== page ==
Soulard Veggie Stew, my way

We got gifted fresh garden vegetables and then got the weekly produce delivery. There were lots of tomatoes and some were eaten in salads and on sandwiches. A big hearty thank you to all the gardeners out there!

Soups and stews are an easy way to use up vegetables. I went through my handy-dandy Soulard Market Cookbook and found a veggie stew. This sounded good so this was the plan for the weekend, along with home baked crusty bread. For the bread I am making a French baguette.

For those interested, Soulard Market is St. Louis’ oldest public farmer’s market operating since 1799. It is a fabulous place to visit on Saturday mornings when visiting family in the area.

Basically vegetable soup can use any vegetables you have hanging about. For this recipe I substituted okra for the eggplant, added a green pepper, used veggie broth for the water, omitted the tomato paste and brown sugar. I used several hefty shakes of a dried Italian seasoning since my basil plant is pretty much useless.

  • 1 medium onion, diced
  • 2 medium potatoes, diced
  • 2 carrots, cut in rounds
  • 3 okra, sliced in rounds
  • 1 rib celery, chopped
  • 1 small green pepper, diced
  • 2 shakes of salt
  • several hefty shakes of Italian seasoning
  • 2 cloves garlic, minced
  • 2 cups, or thereabouts, chopped tomatoes,
  • 1 medium zucchini, sliced
  • 4-5 quartered tomatillos
  • about 1 cup broccoli flowerets
  • 2 cups vegetable broth

First sauté a Mirepoix of the onion, one carrot, celery, garlic, and bell pepper in a bit of olive oil for about 8 minutes. I chose to cook this soup in a crockpot so I added the potatoes and the other carrot to the pot first. Add the Mirepoix and the other vegetables ending with the zucchini and the broccoli. Add seasonings. Add 2 cups of vegetable broth. Cook on low for 7-8 hours. Very nice soup!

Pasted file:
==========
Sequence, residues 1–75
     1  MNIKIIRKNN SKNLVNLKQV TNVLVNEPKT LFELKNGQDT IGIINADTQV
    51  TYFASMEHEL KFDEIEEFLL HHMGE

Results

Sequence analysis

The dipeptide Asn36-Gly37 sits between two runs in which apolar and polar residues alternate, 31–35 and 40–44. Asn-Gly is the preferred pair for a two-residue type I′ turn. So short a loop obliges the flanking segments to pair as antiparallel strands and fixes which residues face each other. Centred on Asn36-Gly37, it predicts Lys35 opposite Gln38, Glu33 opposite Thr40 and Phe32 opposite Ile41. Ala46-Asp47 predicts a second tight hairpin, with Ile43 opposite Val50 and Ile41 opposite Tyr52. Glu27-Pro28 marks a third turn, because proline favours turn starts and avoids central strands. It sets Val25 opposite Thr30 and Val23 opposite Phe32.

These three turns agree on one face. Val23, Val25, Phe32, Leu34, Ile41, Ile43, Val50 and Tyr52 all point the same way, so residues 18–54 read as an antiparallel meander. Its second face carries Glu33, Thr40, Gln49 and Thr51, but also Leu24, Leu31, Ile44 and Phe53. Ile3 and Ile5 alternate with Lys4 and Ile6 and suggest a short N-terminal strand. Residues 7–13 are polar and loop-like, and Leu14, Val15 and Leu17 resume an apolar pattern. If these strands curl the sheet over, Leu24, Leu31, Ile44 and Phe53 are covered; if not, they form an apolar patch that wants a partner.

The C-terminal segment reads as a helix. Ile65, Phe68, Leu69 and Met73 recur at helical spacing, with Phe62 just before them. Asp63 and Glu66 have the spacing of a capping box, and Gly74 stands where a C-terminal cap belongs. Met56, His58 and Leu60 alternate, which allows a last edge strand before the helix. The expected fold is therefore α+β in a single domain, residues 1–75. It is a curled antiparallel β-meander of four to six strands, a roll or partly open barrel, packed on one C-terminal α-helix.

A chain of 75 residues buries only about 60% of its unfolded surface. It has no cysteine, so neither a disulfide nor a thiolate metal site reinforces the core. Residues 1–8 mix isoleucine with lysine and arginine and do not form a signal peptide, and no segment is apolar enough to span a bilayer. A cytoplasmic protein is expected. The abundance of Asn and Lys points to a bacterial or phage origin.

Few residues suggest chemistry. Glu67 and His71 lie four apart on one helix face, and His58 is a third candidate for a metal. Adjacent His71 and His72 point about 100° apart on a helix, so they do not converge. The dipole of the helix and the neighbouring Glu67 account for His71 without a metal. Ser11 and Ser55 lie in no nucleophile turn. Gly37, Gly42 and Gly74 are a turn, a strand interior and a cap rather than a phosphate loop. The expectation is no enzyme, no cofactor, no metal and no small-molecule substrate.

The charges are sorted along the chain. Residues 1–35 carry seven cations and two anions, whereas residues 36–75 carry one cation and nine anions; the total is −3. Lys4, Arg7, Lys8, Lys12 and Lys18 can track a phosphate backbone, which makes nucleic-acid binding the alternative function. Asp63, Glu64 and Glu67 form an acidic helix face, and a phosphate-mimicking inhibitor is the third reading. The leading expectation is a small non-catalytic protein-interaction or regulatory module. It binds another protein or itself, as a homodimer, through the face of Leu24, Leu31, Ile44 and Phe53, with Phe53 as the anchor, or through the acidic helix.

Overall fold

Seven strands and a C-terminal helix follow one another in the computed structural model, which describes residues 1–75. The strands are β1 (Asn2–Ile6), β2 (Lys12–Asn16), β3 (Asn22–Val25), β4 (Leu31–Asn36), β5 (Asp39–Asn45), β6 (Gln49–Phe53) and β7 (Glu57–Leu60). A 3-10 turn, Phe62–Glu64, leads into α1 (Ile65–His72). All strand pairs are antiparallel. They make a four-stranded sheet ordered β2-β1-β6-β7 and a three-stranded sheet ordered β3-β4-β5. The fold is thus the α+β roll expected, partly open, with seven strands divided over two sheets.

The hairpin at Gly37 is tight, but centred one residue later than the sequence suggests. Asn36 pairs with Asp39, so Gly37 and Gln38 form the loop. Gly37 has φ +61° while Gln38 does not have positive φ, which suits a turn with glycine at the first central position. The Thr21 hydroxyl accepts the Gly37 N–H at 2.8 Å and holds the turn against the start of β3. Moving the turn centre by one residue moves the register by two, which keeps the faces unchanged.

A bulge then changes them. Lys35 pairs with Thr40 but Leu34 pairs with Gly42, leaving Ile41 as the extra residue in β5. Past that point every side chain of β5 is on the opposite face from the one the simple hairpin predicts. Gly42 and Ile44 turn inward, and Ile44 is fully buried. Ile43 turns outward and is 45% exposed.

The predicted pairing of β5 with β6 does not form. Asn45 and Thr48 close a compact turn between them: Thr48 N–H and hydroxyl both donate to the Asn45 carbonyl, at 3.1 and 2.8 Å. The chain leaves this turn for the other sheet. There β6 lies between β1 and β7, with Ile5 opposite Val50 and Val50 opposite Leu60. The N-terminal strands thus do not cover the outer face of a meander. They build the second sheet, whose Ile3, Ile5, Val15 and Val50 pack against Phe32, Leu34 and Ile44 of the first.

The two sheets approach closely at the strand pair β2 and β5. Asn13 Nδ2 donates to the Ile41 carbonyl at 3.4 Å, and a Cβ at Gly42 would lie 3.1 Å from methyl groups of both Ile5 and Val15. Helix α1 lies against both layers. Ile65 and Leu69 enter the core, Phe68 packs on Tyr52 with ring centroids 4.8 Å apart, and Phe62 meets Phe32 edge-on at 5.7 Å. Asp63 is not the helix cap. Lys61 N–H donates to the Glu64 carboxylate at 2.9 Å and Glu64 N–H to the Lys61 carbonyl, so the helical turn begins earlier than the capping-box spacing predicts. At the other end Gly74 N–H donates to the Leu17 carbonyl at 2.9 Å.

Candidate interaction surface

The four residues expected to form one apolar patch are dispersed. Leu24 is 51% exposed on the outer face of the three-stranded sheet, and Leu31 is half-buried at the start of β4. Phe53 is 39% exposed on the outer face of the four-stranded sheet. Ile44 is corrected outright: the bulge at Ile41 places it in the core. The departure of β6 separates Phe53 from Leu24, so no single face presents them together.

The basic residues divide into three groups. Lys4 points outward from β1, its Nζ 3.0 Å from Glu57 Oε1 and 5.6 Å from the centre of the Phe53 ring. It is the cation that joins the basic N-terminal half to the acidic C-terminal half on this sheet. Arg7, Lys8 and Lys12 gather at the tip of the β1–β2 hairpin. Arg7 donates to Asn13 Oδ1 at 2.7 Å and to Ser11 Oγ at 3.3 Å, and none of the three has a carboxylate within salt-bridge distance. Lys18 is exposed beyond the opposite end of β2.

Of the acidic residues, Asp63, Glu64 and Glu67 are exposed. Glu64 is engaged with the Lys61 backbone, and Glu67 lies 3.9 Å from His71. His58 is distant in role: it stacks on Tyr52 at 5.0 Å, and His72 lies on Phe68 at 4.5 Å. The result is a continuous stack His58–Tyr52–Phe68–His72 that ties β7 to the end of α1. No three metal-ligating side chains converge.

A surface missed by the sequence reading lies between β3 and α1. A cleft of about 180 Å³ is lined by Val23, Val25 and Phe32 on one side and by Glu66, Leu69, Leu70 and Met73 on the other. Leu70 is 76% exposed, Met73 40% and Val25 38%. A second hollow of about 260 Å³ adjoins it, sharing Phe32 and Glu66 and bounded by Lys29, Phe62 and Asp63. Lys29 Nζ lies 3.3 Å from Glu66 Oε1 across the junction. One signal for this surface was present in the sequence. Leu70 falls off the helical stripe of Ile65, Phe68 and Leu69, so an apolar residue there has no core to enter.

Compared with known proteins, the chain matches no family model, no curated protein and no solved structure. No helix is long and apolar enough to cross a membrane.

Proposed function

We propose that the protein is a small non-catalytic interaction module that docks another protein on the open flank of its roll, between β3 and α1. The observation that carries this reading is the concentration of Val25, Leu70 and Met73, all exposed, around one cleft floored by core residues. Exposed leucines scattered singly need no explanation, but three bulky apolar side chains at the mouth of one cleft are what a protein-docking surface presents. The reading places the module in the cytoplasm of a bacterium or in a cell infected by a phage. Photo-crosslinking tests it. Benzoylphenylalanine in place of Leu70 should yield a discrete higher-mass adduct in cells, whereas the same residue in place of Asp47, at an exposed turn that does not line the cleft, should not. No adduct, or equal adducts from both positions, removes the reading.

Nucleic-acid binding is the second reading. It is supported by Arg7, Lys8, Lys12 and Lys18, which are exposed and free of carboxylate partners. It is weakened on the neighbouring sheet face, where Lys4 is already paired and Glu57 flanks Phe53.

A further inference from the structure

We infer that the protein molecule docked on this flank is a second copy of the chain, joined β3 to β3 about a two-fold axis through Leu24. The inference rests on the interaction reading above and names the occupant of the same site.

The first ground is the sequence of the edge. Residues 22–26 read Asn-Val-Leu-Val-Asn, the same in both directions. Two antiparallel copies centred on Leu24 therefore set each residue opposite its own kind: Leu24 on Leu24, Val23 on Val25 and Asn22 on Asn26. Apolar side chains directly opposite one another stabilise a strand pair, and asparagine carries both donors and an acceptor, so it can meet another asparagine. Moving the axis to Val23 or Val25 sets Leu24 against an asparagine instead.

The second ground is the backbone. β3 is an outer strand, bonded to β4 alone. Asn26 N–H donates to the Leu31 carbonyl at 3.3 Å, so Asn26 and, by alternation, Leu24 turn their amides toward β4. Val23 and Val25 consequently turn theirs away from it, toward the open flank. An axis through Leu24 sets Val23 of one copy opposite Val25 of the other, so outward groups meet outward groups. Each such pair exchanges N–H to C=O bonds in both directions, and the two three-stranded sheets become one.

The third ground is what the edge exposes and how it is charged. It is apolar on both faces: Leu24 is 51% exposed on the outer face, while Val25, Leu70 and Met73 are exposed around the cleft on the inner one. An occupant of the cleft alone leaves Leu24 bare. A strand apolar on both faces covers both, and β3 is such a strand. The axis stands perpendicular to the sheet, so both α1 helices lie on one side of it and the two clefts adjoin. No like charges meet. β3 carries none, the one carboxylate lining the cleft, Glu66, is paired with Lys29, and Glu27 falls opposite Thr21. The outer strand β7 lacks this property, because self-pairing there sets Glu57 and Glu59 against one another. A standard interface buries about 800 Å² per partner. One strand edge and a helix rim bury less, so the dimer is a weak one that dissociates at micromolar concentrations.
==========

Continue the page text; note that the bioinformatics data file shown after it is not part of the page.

(The original recipe instructs to put all vegetables except zucchini and broccoli in a large Dutch oven with the seasonings and liquid and bring to a boil. Then reduce to simmer uncovered for 20 minutes. Then add the zucchini and broccoli, a can of tomato paste and 2 Tablespoons brown sugar and cook until broccoli is tender.)

More custard, with fall flavors

This recipe is adapted from the Eating Well Magazine print edition Fall 2002.

Maple-Pumpkin Custards with Crystallized Ginger

  • 1 1/2 cups milk; I used half-and-half
  • 4 large eggs
  • 1/4 cup real maple syrup
  • 3/4 cup canned pumpkin puree; freeze the remaining puree for later use.
  • 1 1/2 teaspoon pumpkin pie spice
  • 1/4 teaspoon salt
  • whipped cream and crystallized ginger to serve

For this custard a bain marie is used so put the kettle on to boil. I did not line the roasting pan with a towel, nor did I heat the milk to steaming.

Whisk eggs and syrup until smooth. Add the milk or half-and-half, pumpkin puree, spices and salt. Whisk until blended. Divide between 6 custard cups or ramekins and place in the roasting pan. Pour boiling water to half-way up the sides of the custard cups. Bake at 325 degrees F for 45-50 minutes. Cool on a wire rack for 45 minutes. Then refrigerate for at least one hour.

This was absolutely delicious. The texture was a combination of pudding and custard in my opinion.